There are actually five titles to the Americans with Disabilities Act. This article will give an overview of Title I, which applies to employment. The vehicle for this article will be the situation of Jerry Kill, the varsity football coach at the University of Minnesota, who suffers from epilepsy. Kill has been a head coach in college football since 1994, and over the years he periodically suffered seizures during games and at other times. Nevertheless, the University of Minnesota took no adverse action against him and allowed him to continue coaching. Eventually, he decided it was in his best interest to step away, at least temporarily. In the fall of 2013, he announced a leave of absence, but he returned for the final game of the season against Syracuse.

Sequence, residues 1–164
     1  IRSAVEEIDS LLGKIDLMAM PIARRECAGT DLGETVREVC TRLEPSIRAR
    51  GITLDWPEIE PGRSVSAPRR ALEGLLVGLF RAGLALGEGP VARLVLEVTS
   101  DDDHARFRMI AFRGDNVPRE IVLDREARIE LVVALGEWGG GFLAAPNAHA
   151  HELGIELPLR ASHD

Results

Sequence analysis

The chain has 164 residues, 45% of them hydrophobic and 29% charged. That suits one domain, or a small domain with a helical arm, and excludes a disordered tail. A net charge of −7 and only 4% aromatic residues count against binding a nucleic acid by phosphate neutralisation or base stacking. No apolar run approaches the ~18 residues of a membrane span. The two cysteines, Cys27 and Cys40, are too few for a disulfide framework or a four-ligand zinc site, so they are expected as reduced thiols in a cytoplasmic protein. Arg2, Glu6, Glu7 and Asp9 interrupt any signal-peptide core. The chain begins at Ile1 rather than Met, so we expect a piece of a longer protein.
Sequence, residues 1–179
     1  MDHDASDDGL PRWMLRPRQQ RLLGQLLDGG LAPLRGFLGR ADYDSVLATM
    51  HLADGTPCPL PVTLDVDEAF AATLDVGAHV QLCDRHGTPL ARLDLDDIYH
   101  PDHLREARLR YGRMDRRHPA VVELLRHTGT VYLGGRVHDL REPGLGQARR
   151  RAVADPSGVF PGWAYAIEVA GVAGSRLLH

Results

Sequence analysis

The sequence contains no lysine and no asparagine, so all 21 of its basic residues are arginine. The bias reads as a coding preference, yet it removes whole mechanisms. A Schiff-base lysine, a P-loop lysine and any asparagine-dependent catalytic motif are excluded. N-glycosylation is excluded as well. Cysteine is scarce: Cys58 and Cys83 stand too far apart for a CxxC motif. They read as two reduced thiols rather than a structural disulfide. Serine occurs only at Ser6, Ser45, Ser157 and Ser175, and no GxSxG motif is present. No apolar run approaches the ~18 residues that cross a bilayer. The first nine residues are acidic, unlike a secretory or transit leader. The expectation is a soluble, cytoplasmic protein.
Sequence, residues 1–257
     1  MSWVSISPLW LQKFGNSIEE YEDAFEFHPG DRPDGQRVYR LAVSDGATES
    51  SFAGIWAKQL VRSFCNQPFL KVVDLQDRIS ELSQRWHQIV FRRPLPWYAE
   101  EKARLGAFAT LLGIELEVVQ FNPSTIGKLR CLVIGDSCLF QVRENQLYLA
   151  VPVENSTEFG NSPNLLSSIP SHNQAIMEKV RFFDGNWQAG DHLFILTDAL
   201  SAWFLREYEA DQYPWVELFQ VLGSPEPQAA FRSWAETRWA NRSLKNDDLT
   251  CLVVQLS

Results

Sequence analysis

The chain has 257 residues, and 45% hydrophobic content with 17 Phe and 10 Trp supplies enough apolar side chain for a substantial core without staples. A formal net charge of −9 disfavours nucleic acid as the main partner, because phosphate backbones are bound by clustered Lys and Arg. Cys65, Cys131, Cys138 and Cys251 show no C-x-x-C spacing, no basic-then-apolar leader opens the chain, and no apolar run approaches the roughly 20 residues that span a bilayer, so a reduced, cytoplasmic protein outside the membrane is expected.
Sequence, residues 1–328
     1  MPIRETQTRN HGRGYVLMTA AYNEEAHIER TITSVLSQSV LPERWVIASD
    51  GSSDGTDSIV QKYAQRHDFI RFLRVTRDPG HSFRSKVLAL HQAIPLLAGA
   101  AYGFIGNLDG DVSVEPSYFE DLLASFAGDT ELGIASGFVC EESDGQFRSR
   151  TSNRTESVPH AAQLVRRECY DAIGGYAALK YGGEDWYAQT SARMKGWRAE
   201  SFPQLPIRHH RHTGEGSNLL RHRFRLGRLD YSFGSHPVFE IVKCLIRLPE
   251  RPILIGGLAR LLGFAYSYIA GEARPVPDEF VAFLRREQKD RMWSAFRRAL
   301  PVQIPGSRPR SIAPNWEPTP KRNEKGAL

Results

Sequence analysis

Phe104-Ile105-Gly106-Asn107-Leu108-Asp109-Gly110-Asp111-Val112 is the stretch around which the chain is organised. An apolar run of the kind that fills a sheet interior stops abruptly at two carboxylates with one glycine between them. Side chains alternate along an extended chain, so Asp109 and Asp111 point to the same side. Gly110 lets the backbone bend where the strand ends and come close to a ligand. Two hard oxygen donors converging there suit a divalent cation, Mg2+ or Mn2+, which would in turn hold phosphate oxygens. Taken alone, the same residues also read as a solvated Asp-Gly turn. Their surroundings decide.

If this were a situation in which either party was trying to assess their rights under the Americans with Disabilities Act (ADA), how would it play out? That is the question this article explores. Keep in mind, this is a general discussion, and I am in no way saying that any of the “facts” discussed below are in reality the actual facts. The discussion that follows is for educational and illustrative purposes. Also, keep in mind that this article is not meant to be an exhaustive discussion of how the ADA applies to employment. (For a fuller examination of employment issues and the ADA, see the first five chapters of my book, Understanding the Americans with Disabilities Act, 4th ed., ABA, 2013.)